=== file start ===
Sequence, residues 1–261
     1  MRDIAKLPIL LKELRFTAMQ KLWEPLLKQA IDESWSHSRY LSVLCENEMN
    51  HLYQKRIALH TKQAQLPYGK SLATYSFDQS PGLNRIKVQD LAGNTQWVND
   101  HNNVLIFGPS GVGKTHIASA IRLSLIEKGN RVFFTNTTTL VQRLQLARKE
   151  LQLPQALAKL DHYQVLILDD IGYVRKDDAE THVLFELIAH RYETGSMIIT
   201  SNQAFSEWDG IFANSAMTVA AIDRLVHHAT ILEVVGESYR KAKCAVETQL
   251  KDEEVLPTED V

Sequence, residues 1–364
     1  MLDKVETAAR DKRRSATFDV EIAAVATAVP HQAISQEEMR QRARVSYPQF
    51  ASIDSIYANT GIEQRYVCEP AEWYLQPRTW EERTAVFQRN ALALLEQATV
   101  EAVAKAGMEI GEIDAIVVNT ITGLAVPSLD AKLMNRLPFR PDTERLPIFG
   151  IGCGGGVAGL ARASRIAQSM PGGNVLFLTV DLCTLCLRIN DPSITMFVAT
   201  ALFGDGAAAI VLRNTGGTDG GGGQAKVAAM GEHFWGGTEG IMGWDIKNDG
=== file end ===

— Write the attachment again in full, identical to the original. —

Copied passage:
Sequence, residues 1–261
     1  MRDIAKLPIL LKELRFTAMQ KLWEPLLKQA IDESWSHSRY LSVLCENEMN
    51  HLYQKRIALH TKQAQLPYGK SLATYSFDQS PGLNRIKVQD LAGNTQWVND
   101  HNNVLIFGPS GVGKTHIASA IRLSLIEKGN RVFFTNTTTL VQRLQLARKE
   151  LQLPQALAKL DHYQVLILDD IGYVRKDDAE THVLFELIAH RYETGSMIIT
   201  SNQAFSEWDG IFANSAMTVA AIDRLVHHAT ILEVVGESYR KAKCAVETQL
   251  KDEEVLPTED V

Sequence, residues 1–364
     1  MLDKVETAAR DKRRSATFDV EIAAVATAVP HQAISQEEMR QRARVSYPQF
    51  ASIDSIYANT GIEQRYVCEP AEWYLQPRTW EERTAVFQRN ALALLEQATV
   101  EAVAKAGMEI GEIDAIVVNT ITGLAVPSLD AKLMNRLPFR PDTERLPIFG
   151  IGCGGGVAGL ARASRIAQSM PGGNVLFLTV DLCTLCLRIN DPSITMFVAT
   201  ALFGDGAAAI VLRNTGGTDG GGGQAKVAAM GEHFWGGTEG IMGWDIKNDG